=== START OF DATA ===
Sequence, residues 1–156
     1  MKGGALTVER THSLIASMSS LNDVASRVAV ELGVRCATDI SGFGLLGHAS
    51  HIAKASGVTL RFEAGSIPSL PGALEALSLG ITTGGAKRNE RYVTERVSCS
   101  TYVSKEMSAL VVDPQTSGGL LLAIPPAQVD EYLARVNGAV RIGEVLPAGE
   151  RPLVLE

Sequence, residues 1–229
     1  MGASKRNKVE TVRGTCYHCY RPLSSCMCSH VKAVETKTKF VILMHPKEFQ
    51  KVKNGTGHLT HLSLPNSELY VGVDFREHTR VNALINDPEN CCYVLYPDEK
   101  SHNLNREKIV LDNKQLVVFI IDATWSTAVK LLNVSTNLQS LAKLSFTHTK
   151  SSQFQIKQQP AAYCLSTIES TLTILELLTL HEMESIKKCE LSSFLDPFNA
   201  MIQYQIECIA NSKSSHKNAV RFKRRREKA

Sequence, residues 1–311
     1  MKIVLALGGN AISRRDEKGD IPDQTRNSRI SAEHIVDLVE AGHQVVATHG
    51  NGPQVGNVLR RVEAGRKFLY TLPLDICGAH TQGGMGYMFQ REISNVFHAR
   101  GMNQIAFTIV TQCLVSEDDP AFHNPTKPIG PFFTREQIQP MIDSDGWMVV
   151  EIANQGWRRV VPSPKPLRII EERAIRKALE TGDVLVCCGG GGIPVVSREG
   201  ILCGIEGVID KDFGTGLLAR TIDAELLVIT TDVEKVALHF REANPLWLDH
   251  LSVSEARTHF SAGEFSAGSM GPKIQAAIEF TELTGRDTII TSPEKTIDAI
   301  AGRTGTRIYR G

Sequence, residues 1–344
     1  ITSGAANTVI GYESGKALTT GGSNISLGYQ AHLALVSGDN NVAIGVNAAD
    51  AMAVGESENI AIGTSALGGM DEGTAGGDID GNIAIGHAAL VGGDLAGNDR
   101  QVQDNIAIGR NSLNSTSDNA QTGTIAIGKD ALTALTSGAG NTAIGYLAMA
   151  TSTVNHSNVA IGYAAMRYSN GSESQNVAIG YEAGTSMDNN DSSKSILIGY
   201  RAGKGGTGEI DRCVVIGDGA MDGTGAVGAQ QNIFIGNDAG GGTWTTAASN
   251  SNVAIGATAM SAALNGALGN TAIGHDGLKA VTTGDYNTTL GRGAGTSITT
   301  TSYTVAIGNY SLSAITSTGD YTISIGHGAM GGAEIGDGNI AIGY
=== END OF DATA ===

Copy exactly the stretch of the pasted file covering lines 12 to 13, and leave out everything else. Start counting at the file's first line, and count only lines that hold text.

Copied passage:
Sequence, residues 1–311
     1  MKIVLALGGN AISRRDEKGD IPDQTRNSRI SAEHIVDLVE AGHQVVATHG